The term of their natural life equals or exceeds that of man. I have raised a great many alligators, giving them living conditions that I knew would be favorable to their growth; but they develop very slowly. I should say that one does not reach his maximum size under thirty years; and he lives on with easy indefiniteness. He becomes more rusty and crusty, both in appearance and in temper. He is likely to haunt one arm of a lagoon or one bend of a river, and hold his domain against all comers; he develops uncommon sagacity, his senses, especially his hearing, becoming keener with age. Though I have seen hundreds of these great creatures killed, I never found one dead from natural causes, though unquestionably every form of life is subject to its own peculiar diseases. The largest alligator I ever saw measured sixteen feet, nine inches, and weighed about fourteen hundred pounds. The canine tusks of this great bull were four inches long.
Another bull that I measured was fourteen feet. This monster had met a most strange and terrible fate; and the mystery of it I have not solved to this day. I came upon him one December day deep in the fragrant heart of the great Santee Club game preserve, the owners of which had allowed me to range their estate in order to make wild-life observations.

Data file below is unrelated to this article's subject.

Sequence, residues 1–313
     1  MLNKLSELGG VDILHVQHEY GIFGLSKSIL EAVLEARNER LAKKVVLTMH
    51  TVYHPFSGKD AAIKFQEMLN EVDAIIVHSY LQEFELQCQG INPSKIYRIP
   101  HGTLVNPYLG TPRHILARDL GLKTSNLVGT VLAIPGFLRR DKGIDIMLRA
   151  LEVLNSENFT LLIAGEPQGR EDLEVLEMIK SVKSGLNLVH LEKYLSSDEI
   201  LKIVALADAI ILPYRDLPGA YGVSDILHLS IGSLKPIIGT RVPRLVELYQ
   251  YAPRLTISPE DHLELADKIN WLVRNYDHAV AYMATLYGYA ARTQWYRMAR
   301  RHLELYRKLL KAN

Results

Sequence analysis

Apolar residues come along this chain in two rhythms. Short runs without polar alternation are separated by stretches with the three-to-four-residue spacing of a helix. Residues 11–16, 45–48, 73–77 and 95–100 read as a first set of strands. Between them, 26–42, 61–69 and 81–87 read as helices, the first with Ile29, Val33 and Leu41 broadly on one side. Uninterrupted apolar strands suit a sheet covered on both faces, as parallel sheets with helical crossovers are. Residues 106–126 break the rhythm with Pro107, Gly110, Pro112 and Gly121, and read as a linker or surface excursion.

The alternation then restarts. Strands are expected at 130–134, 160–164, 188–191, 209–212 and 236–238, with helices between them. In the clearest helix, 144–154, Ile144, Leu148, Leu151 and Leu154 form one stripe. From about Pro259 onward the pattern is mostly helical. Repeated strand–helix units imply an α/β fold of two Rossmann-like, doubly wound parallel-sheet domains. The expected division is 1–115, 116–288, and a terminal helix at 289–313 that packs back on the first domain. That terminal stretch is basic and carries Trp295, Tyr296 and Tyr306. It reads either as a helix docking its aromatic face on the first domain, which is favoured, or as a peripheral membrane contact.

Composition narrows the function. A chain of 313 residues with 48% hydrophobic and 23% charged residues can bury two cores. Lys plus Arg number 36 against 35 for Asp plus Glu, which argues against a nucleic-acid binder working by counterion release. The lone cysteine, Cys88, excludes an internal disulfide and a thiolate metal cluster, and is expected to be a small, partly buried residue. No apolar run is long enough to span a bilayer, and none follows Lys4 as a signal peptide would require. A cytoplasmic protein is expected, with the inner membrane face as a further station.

In that particular latitude hibernation is and is not an established thing. North of that line there is systematic hibernation; south of it, there is little of it. Hence in my country one is likely to run across, in the dead of winter, creatures that are supposed to be asleep. I have seen both alligators and rattlesnakes abroad during every month of the year. Their hibernating slumbers seem to be fitful, and any balmy day may lure them out of their dens.